intention to use mHealth if recommended by their primary healthcare provider.
Perceived financial cost, defined as the extent to which
the person believes that using mHealth will cost money,
has been found to be significantly negatively correlated
to behavioral intention.20
Theoretical Framework
An adapted Technology Acceptance Model (TAM) was
used to guide this study. The Technology Acceptance
Model is derived from the Theory of Reasoned Action
and was first proposed by Dr Fred Davis in 1985.13 The
model posits that the strongest predictor of technology
use is behavioral intention, which is in turn influenced
by the individual?s perceived ease of use and perceived
usefulness.13 Even in its most parsimonious version,
the Technology Acceptance Model has been shown to
account for 30% to 40% of technology acceptance.14
In healthcare, Technology Acceptance Model has been
shown to explain from 30% to 70% of the variance in
the acceptance of health technologies.14
Perceived usefulness is conceptually defined as the
degree to which the person with HF believes that using
mHealth will enhance the management of his/her HF.
In previous studies, perceived usefulness has been
consistently shown to be significantly associated with
intention to use technology and is thought to be the most
important predictor of technology acceptance.14 Perceived ease of use is conceptually defined as ??the degree to which a person [with HF] believes that using a
[mHealth] would be free of effort.??15 Although not as
consistent as perceived usefulness, perceived ease of use
has also been shown to be associated with intention to
use behavioral intention in several studies.14 Behavioral
intention is conceptually defined as the intention to use
mHealth in the context of HF self-management. Being
more proximal than the actual use of technology, it is
often the outcome of choice for most of the TAMguided studies. In longitudinal studies that actually measured actual use, behavioral intention has been shown
to significantly predict the actual use of technology.14
To improve the predictive ability of the Technology
Acceptance Model, additional constructs were added
to the model, namely, social influence, eHealth literacy,
and perceived financial cost. Social influence is defined
as a person?s perception that most people who are important to him/her think that he/she should perform
the behavior in question,16 which in this case is technology adoption. Previous studies have shown that older
adults are susceptible to the effects of social influence
when it comes to technology acceptance.16 eHealth literacy is defined as ??the ability to seek, find, understand, and appraise health information from electronic
sources and apply the knowledge gained to addressing
or solving a health problem.??17 Higher eHealth literacy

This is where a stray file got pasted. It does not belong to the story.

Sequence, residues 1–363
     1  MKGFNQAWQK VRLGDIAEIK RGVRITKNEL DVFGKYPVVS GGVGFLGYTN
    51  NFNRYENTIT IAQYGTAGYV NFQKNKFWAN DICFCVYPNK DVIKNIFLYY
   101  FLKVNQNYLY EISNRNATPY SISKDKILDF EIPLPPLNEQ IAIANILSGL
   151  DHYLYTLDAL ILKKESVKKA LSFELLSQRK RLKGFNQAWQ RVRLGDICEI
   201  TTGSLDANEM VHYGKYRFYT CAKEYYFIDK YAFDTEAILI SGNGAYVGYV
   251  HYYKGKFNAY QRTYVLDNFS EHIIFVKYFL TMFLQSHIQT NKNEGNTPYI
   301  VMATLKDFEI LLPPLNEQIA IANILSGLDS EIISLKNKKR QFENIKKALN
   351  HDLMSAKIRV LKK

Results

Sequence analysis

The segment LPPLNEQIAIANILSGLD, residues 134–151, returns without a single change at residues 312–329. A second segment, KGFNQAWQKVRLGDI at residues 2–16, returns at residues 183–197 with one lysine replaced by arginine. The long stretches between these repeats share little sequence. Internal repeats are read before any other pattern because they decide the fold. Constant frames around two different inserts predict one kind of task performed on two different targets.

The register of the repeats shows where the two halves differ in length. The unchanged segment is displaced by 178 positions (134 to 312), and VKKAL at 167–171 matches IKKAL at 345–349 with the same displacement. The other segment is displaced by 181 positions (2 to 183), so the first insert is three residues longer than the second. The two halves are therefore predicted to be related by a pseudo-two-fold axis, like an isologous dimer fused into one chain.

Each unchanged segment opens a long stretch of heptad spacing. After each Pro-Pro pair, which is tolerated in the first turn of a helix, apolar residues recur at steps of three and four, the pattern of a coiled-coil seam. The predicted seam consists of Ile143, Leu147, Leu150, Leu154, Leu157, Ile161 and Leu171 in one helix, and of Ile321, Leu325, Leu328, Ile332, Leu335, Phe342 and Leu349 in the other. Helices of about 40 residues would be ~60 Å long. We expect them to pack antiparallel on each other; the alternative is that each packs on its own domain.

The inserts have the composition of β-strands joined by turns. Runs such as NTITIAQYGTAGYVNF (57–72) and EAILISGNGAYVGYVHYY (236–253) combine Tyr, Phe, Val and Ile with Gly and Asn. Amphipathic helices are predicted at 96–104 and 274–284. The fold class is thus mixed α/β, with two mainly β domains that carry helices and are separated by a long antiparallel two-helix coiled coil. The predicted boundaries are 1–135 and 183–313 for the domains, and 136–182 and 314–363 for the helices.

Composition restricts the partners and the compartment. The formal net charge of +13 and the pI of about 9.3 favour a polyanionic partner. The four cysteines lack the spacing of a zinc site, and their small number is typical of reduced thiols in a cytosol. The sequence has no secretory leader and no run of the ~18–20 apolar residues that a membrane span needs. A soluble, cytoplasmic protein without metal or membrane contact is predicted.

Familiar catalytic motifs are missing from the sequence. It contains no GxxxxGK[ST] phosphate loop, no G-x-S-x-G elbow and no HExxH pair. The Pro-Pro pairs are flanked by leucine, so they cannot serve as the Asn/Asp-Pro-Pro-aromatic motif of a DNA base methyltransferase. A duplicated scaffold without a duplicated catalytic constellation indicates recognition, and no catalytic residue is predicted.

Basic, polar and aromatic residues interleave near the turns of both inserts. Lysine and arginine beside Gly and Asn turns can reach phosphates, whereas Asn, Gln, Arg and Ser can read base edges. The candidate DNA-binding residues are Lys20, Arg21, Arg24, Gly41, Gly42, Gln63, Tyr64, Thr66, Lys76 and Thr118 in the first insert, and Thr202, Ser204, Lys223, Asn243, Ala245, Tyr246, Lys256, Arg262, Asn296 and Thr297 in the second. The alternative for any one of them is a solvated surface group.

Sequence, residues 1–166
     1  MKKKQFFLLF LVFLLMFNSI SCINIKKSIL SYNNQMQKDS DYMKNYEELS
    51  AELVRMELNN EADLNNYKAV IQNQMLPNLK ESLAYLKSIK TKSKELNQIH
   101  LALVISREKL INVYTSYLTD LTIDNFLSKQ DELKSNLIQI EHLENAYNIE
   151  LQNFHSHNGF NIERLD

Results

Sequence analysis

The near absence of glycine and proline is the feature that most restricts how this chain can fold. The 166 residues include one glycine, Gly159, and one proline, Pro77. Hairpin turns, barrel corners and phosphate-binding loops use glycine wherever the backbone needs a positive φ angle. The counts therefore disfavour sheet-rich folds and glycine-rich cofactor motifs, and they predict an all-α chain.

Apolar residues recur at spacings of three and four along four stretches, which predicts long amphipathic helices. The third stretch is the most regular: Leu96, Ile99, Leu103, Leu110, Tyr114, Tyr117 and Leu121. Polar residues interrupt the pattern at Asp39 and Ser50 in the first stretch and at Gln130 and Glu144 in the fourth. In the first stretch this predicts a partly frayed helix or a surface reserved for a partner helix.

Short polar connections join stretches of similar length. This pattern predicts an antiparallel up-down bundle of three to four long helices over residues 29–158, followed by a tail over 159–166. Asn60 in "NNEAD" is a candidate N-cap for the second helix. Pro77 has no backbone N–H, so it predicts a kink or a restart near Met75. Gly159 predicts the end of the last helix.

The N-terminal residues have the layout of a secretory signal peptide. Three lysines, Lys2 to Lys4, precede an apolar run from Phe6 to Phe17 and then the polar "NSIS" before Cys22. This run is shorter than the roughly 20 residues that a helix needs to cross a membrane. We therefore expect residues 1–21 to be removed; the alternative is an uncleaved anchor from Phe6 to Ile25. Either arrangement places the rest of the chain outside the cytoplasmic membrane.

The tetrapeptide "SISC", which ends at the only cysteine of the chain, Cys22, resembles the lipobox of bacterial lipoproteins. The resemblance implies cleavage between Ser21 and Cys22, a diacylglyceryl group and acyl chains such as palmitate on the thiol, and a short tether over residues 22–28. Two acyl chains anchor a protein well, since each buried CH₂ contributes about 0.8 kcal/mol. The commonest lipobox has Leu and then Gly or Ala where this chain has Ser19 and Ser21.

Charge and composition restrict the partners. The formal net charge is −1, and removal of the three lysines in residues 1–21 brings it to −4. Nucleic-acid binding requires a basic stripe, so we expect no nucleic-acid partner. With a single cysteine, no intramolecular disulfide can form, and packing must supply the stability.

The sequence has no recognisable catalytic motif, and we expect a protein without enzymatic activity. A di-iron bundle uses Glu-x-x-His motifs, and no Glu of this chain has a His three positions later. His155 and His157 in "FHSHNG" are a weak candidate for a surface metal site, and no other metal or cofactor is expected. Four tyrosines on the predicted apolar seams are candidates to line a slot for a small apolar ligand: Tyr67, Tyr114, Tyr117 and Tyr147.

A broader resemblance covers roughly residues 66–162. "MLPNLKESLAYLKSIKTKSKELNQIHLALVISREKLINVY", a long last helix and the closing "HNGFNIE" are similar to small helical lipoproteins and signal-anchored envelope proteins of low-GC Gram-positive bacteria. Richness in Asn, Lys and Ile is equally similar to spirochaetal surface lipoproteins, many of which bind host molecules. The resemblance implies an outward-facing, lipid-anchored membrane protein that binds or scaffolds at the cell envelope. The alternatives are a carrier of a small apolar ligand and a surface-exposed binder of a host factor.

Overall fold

has been found to be associated with higher perceived
self-efficacy in using health-related mobile apps18 and
with the adoption of a physician-rating mobile app.19
Methods
Study Design and Sample
A cross-sectional, correlational design was used for this
study. A convenience sample was recruited via 2 means:
an ??in-person?? group from a large urban teaching
hospital and an ??online?? group through Qualtrics. We
opted to include an online sample to obtain a more
geographically diverse sample. Potential ??in-person??
participants were identified through an electronic list
of patients admitted with a history of HF, which was
obtained daily from the hospital?s HF care coordinator.
The patients on the list were then screened for eligibility
through an electronic chart review. Online participants
were identified with the help of the Qualtrics project
coordinator, who was given the inclusion and exclusion
criteria for the study. Online sampling was limited to
persons living in the United States.
Qualtrics is partnered with over 20 online panel providers.
Panelists are often recruited to participate in research
through online advertisements, or for groups that are
hard-to-reach on the Internet, Qualtrics utilizes niche
panels brought about through specialized recruitment
campaigns (eg, newspaper ads, inserts in product packaging, at trade events, or through direct mail). Hundreds of
profiling attributes are collected to guarantee detailed
knowledge of every potential respondent. Qualtrics panel
partners randomly select respondents for surveys where
respondents are highly likely to qualify. Each sample from
the panel base is proportioned to the general population
and then randomized before the survey is deployed. All
sample partners redirect members by matching qualifying
demographic information from their profiles to a specific
survey. To ensure the quality of the data, Qualtrics will
replace ??quality check fails,?? or respondents who straightline through surveys, finish in less than 1/3 of the average
survey completion length, or wrongly respond to attention checks (eg, ??This is an attention filter. Please select
?Sometimes? for this statement??). In order to prevent
fraudulent respondents, panel providers utilize confirmation procedures such as TrueSample, Verity, SmartSample.
USPS verification, and digital fingerprinting to verify
respondent address, demographic information, and email
address. (Lincoln Bradshaw, Qualtrics Project Coordinator,
e-mail communication, January 22, 2016)
Participants were recruited if they had a history of
HF and were 65 years or older. Current use of mHealth
or smartphone technology was not an inclusion criterion because we wanted a range of experiences and
perceptions. Potential ??in-person?? participants were excluded if they were unable to read/understand English,